Reflections on demand management (Part 2)

 


The following article was originally written by Gabriel Pizarro Garcia in Spanish on the WFManagement sister blog – CLCIK HERE TO READ THE ORGINAL

 

I could not sleep, so I started to ask myself questions and as dominoes, many more began to fall. If you want to read more, go to part 1 -> link 

 

Today we will continue to see demand issues in the management of a contact center. We will see the questions that arise in multi-channel scenarios, the importance of the care model, the impacts on demand that emerge from the points seen above and a brief summary.

Disclaimer: I work in demand management, workforce, and customer service, know that everything I will write is not in absolute quality, it is a reflection. I welcome the opinions and comments.

 

Many channels, many demand fronts

We could think of the attention of each channel as something independent and isolated. Customers call us, write on social networks, go to stores, write emails, use an app. By handling channels as silos, each manages their numbers.

 

Customers and customer service do not generally work that way.

 

It began many years ago to talk about multichannel (and after omnichannel) and we realized that customers who went to the store called and wrote an email … and why not a tweet and a message on WhatsApp, while consulting the app … ALL AT THE SAME TIME. There will be no shortage of those who send a letter.

 

The question here is, what do we do with all that data?

 

I wish we had a platform that would unify everything, at the CLIENT level and allow us to understand that perhaps the need is one, and we have demand in different channels that could be simplified by providing the solution to the client in one of the channels. I wish the world was that simple, the need so clear and the solution available to everyone.

 

In practice, companies will offer different types of transaction depending on the channel, and the client will choose where to contact, or there may also be no global strategy and the channels “compete” with each other to keep the best numbers, each showing its own achievements.

 

Omnichannel solutions are not always accessible to all budgets and projects are complex to implement. Time, cost and clear strategy are resources that not all companies have in abundance.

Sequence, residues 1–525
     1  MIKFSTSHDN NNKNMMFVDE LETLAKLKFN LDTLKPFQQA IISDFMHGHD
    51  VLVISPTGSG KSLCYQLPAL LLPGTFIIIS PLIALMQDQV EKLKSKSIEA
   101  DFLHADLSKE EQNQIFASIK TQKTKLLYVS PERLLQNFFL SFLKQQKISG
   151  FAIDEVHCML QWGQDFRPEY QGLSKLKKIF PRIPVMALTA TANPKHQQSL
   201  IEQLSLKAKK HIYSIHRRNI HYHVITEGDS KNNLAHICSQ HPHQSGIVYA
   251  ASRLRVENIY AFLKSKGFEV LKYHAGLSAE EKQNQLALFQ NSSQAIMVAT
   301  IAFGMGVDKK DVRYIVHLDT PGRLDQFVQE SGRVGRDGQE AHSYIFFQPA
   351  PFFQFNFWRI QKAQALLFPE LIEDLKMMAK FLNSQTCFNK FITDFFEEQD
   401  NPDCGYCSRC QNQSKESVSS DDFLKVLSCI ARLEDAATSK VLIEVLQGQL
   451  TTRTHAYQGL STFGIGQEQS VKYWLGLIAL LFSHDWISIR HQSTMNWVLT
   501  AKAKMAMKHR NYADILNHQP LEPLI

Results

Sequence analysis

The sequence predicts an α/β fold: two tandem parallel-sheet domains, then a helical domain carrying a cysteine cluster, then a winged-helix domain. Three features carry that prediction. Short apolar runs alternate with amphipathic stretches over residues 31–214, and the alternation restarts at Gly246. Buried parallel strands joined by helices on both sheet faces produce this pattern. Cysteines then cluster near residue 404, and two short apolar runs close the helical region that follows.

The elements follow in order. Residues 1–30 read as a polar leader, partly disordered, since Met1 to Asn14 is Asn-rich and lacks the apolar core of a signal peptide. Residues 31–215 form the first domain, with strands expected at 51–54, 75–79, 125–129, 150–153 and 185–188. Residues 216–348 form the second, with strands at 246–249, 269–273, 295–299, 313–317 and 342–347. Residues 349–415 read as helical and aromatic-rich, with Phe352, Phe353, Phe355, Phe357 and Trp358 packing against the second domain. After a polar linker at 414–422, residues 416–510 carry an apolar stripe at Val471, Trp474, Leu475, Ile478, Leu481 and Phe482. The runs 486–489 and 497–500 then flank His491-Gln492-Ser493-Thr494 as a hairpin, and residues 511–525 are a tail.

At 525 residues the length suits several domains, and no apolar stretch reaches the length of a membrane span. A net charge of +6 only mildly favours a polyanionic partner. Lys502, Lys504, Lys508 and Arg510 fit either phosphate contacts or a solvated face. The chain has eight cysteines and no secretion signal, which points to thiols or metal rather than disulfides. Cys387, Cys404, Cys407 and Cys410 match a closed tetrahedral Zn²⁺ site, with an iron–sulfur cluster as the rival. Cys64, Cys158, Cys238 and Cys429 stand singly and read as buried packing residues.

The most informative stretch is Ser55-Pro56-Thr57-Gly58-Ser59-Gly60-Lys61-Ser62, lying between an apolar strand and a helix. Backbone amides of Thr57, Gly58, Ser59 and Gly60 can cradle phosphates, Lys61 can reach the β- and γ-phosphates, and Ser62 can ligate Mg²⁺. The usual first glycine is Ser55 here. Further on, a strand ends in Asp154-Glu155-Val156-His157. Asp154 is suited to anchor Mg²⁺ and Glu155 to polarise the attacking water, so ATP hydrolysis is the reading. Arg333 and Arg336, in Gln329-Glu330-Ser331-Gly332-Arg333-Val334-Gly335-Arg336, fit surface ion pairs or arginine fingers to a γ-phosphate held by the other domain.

It often happens that the channels manage as silos,  for organizational, historical reasons, power struggle, different approaches, dependence on organizational charts, etc.

 

Or maybe nobody thought about it. 

No one saw everything from afar, as a customer and the company simply grew and opened channels, or bought systems and never unsubscribed the previous ones, or merged with other companies and and … life.

 

Impact on Demand

 

After all working on this demand, I have to focus.

Given the existence of different channels to serve the client, we must understand some numbers that will help us see “the complete picture”:

  • The demand of each channel, the number of transactions in each one
  • The number of unique clients that contact us per channel
  • Reiteration by channel, by type of call, by customer characteristics, etc.
  • The bounce between channels, that is, if a client uses a channel and has no solution, which is the next one where it will communicate
  • The favorite channel of each type of client
  • The impact of channel closure on the others
  • That a channel grows, does it imply that another decreases?
  • Can we move people between channels? Orient your experience?
  • And let’s not forget about the money: does each channel cost the same? Each transaction?

 

 

There must be a unique strategy that considers these points, and based on that, demand could be oriented.

 

There are several examples of this, just to name a few:

In banking, by putting free ATMs and attention at a window with cost

Emails with sender “not responding” but with additional contact information

The reduced hours in face-to-face stores, and extended by phone, with app’s available 7×24

 

These are all examples that try to direct demand towards certain channels.

 

 

The numbers I see, are the total demand?

The design of the service model, and the queues we set out to be able to serve customers, will create new challenges for us.

  • Do we serve by customer value?
  • By necessity / reason for the interaction?
  • By systems that advisers use?
  • By customer technology?
  • Depending on the number of calls you make?
  • If it is repeated?
  • If care is regulated?
  • Do we specialize a BackOffice?
  • Can all advisors attend to everything?

 

We have so many types of clients, advisors and products that the possibilities could be endless. Let’s make it more complicated, and if the call has several of those characteristics at the same time? How do we prioritize?